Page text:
'The Pole of Cold' is a journey to chase the onset of winter across Europe and Siberia as far as the Pole of Cold, the coldest place in the northern hemisphere. The expedition will focus on winter as a geographical concept by exploring the social, cultural and physical implications of the season on the communities the team meet. While enduring testing cold-weather conditions, the team will combine adventure, geography and art to share stories of day-to-day life in extreme climates in order that others might draw inspiration from them to look again at winter and their own lifestyles during the coldest months.

Winning details here (PDF download)

Keep climate change on the curriculum...

Interesting Guardian article (which I'd missed the first time round) relating to a letter sent to Michael Gove by the Energy Secretary Ed Davey.

Interesting mention of the RGS-IBG in there, and their apparent 'views' on climate change in the curriculum.


For a slightly more nuanced outline of the RGS' view on the climate change debate, you will also find the following links useful.
First of all. there's the RGS's view on the proposed national curriculum change on their Policy page
Followed by a letter from Rita Gardner to 'The Guardian' on the way that the RGS's views were expressed in the letter (PDF download)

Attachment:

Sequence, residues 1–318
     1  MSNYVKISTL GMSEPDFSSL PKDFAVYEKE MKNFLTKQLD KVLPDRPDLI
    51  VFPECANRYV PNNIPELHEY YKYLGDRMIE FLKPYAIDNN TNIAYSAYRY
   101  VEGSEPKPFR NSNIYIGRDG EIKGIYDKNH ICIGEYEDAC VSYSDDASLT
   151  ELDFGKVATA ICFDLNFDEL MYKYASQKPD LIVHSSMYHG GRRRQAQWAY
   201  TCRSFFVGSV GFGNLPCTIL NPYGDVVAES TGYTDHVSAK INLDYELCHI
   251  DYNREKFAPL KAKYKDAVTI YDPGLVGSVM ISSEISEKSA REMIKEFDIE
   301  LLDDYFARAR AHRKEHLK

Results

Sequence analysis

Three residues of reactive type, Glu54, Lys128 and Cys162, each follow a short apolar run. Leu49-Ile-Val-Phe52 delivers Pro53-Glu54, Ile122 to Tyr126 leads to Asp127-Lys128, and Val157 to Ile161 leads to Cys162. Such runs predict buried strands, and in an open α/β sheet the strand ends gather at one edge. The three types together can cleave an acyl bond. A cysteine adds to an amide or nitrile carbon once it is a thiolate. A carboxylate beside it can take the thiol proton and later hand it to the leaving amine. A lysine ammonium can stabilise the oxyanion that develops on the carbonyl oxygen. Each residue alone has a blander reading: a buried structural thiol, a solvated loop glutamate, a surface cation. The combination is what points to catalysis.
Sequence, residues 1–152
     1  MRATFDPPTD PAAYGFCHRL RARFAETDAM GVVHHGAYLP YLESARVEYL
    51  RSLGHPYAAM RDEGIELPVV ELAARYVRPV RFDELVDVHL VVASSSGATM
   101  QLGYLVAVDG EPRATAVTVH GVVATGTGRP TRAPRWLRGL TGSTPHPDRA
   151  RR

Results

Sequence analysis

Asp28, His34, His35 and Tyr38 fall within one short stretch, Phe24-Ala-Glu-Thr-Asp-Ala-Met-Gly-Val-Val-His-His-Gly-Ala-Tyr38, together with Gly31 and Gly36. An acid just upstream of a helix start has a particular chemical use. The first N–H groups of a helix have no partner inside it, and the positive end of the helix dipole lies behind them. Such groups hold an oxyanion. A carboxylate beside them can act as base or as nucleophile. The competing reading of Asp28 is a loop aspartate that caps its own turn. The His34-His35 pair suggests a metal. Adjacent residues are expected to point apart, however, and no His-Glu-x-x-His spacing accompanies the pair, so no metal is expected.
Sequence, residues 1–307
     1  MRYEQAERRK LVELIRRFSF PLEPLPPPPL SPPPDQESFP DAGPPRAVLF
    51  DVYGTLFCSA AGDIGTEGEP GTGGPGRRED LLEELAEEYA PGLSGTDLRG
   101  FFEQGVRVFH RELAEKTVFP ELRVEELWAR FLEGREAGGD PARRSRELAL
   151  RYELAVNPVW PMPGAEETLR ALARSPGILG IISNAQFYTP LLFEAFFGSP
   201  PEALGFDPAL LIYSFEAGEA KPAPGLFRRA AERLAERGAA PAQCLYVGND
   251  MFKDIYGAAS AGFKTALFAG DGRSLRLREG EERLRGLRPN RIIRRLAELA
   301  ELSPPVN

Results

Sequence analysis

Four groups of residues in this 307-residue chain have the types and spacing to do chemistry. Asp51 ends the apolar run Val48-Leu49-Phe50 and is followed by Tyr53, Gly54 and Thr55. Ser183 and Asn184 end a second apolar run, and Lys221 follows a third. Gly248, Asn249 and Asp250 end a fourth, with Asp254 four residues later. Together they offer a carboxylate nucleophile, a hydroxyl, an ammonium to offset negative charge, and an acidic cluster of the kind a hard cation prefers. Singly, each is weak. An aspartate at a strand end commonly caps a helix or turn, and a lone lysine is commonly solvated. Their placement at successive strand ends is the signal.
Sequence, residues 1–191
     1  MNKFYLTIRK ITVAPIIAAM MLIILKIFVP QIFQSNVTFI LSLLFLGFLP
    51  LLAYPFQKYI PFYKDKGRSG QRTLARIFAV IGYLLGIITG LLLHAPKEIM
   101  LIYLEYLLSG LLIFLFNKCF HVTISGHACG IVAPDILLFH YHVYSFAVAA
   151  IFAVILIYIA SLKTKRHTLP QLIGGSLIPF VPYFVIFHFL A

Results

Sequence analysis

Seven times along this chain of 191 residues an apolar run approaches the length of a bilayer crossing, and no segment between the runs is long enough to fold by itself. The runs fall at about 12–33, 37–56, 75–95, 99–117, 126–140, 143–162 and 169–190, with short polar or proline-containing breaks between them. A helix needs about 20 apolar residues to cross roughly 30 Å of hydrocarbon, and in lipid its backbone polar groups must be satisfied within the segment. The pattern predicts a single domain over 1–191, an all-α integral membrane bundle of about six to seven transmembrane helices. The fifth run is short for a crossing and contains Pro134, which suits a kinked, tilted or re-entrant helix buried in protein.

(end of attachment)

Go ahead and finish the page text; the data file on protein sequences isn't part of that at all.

Mission:Explore in the Geographical Journal

Thanks to Joe Smith of the OU, for the mention of Mission:Explore in a review essay in the latest Geographical Journal.

Thanks also to Chantal Mayo for letting me know how much her students enjoyed using Mission:Explore activities while on their recent fieldtrip in S. Wales.
Good to see the GA's resource page gets a mention too... I was involved in creating quite a lot of that too...

ESRI Tornado Disaster maps

A range of maps from the ESRI ArcGIS Group. They have been quick off the mark to show the potential for ArcGIS Online to report on contemporary events, and also start to tell their stories. Google have similar CRISIS MAPS after major events also.

The Moore Tornado Maps also show the use of the various Story Map templates which are possible to use.

Update 4th June
New map from the Spatial Key blog


This image has been circulating around over the last few days.